This goes back to what I said during the webcast, that the key to maintaining accuracy in your T-Spline surfaces is to indirectly manipulate the knot values in your models.  Since there is no way of assigning a knot value to an edge, we have to do it through proper topology.  tsMakeUniform is crucial to getting nice smooth surfaces in the areas around star points, but it’s a shotgun approach so you have to understand what it will do to your knot values.  As a counterpoint, here is what the knot values look like on the “Step 8” version of the tail from the webinar:

If you look at the model, you will find that every single edge on the airfoils has the same exact value – 0.25.  It is the topology that I have used which accomplishes this.  So again, the key to maintaining accuracy in your T-Spline surfaces is to indirectly manipulate your knot values through the use of proper topology.

ptxman asked a second question which was about my cosine spacing trick to drawing airfoils, which I glossed over in the webcast, but go into great detail here on my blog.  He writes:

Regarding the cosine half division plugin, Ive attached your blog pic analog. So, when the method is applied to an airfoil curve, is the (my red sketched) arrow showing the nose-to-tail orientation as applied to your semi-circle analog? Is the x-axis chord reference line first divided up into cosine based spacing & then vertically extended to intercept the foil curve? Or does the cosine method divide along the foil curve itself & you are just demonstrating how the resultant x-axis intercepts would look?

For a typical semi-sym (racing airfoil) how would you go about subdivision so as to preserve the unique properties of the upper & lower curves which may have reflex, camber etc? ie their deviation is related but not really mirroring each other in terms of where the deviation occurs.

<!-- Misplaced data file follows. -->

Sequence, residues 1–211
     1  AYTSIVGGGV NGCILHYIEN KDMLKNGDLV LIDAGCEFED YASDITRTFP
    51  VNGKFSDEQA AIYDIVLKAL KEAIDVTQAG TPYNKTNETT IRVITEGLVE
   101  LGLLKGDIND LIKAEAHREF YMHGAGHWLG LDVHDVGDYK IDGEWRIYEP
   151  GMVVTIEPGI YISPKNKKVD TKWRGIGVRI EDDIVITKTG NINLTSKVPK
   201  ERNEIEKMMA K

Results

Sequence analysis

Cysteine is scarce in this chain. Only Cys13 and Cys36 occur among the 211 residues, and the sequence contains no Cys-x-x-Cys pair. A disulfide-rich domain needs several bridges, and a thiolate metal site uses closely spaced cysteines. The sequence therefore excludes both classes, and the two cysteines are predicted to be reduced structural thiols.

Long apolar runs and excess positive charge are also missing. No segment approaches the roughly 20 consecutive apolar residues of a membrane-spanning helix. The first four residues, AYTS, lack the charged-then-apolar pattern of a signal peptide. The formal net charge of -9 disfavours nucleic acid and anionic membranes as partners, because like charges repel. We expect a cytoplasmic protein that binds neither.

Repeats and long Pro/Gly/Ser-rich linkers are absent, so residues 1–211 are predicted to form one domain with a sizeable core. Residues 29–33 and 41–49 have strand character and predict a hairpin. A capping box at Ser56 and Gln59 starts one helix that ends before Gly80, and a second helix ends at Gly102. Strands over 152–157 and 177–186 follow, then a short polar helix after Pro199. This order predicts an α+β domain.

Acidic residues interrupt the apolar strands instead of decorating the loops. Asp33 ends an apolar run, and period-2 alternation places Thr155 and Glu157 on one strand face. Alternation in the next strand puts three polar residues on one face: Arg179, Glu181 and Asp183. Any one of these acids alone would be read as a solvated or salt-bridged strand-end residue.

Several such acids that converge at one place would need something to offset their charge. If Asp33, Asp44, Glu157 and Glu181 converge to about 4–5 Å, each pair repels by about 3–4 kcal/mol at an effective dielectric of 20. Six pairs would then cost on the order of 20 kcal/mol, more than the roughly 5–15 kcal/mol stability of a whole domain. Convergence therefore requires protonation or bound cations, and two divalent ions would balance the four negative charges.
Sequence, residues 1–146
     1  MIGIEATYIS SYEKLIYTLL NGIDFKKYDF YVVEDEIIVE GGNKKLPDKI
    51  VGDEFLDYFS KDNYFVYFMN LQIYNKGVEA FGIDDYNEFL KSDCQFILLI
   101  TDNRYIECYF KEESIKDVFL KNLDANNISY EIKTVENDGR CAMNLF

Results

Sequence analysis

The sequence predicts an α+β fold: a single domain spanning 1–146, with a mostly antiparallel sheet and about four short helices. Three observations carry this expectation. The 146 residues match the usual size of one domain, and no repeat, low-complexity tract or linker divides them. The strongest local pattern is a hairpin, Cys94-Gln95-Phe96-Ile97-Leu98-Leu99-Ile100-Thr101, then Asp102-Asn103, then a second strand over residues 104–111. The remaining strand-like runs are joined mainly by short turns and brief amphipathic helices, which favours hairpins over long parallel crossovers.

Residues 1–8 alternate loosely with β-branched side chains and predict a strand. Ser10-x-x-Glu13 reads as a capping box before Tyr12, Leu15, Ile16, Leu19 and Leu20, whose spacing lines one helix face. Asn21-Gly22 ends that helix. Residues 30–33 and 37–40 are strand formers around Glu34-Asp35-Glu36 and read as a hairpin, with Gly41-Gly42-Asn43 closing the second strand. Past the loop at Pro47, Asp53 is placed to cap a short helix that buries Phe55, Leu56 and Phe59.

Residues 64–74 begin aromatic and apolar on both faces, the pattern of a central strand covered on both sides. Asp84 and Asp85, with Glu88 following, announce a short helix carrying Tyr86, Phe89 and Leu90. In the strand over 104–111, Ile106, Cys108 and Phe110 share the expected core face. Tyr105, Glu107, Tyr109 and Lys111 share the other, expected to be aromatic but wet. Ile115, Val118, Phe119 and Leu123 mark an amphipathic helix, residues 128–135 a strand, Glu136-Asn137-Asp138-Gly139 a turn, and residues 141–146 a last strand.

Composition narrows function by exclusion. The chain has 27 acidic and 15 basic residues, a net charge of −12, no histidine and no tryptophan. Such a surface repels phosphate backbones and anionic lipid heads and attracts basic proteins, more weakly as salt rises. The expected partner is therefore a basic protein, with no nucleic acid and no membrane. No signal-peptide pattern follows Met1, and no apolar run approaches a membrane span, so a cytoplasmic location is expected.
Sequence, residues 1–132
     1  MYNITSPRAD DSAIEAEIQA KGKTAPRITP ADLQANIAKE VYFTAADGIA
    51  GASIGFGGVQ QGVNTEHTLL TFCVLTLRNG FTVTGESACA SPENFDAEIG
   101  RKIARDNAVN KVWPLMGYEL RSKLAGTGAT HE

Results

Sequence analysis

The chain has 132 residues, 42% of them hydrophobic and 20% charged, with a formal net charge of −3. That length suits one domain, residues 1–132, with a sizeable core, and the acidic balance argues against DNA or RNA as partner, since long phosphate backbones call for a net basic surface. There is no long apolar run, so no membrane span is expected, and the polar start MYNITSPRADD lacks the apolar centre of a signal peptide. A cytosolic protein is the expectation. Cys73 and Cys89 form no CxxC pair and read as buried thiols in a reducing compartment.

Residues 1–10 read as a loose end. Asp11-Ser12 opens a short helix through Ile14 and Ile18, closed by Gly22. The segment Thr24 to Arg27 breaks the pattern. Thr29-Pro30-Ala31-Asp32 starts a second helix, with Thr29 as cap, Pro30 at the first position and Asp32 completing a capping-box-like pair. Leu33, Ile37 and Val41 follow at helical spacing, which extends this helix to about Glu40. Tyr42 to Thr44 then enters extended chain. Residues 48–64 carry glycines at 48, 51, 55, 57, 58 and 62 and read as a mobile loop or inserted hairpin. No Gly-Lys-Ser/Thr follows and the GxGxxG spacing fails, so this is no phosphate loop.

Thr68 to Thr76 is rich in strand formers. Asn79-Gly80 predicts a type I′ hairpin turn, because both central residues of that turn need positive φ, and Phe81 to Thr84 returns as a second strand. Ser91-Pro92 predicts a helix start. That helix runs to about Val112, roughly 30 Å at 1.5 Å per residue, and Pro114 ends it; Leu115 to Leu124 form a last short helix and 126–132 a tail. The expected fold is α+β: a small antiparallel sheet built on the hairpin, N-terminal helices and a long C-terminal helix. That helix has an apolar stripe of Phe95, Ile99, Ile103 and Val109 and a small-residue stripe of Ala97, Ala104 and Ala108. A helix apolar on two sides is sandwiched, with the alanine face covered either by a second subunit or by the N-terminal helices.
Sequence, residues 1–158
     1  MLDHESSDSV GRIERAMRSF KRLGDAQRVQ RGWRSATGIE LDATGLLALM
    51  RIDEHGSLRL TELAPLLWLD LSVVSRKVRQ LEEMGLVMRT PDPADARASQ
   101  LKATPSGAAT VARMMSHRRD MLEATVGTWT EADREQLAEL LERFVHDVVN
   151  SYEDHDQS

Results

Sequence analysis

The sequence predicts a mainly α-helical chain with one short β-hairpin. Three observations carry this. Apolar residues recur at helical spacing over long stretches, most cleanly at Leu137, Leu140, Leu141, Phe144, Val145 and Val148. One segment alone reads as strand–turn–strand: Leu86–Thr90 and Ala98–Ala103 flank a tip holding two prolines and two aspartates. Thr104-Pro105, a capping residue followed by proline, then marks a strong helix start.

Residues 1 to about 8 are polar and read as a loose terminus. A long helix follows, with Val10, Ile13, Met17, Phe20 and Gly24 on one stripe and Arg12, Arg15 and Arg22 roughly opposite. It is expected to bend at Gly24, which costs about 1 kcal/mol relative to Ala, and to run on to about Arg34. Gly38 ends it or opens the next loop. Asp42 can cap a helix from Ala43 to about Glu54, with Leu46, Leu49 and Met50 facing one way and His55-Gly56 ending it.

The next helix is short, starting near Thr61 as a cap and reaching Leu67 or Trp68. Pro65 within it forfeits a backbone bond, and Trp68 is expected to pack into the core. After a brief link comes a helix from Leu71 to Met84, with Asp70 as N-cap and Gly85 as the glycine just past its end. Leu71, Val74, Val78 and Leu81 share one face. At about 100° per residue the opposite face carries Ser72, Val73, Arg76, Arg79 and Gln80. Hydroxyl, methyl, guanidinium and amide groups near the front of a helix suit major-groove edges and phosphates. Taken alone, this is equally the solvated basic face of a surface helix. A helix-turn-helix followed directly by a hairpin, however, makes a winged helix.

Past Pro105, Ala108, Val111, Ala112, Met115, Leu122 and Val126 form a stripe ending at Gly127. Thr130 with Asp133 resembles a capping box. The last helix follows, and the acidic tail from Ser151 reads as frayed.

The pic he refers to above is this:

and then, in a follow up post:

Related to the cosine method, is it a ‘one-way’ density distribution that basically subdivides more heavily on one side & then decays off towards the other? Where Im going with this is: for a typical semi-sym (racing airfoil) the upper & lower curve deviation are not necessarily related or mirroring one another as in your Naca sym example due to reflex & camber. So I would expect the baseline mapped deviation curve to flare up again near the TE vs showing kind of muted & non-eventful on the typical ‘near straight’ Naca. Take this racing foil for example, the funky TE kick-up stuff you want to get right also occurs near the TE. So one would want tighter datapoint cluster here like the LE nose area, no?

The example given was an MH 17 airfoil, which looks like this:

Tackling the first part of those questions.  Yes, the idea in general is to have more points at the leading edge where they are needed, and fewer at the trailing edge, where, in general, they are not needed.  The picture I used to demonstrate this was mostly to introduce those who had not heard of cosine spacing to the general concept.  It is not to imply that the CosSpacing plugin divides up the chord of the line and then projects those divisions – no, the CosSpacing plugin divides the curve directly along its’ length.

Let’s go through cosine spacing the MH 17 airfoil and see how my method works.  ptxman’s concern is that there will not be enough point density at the tail of the airfoil to adequately describe the cusped region.  I have taken the MH 17 airfoil out of Profili and imported it into Rhino.  My chord length is 36″, and in Profili I gave it a non zero trailing edge thickness of 0.01″  I’ve moved that input file to a layer called Reference Airfoil Polyline and then deleted all other layers.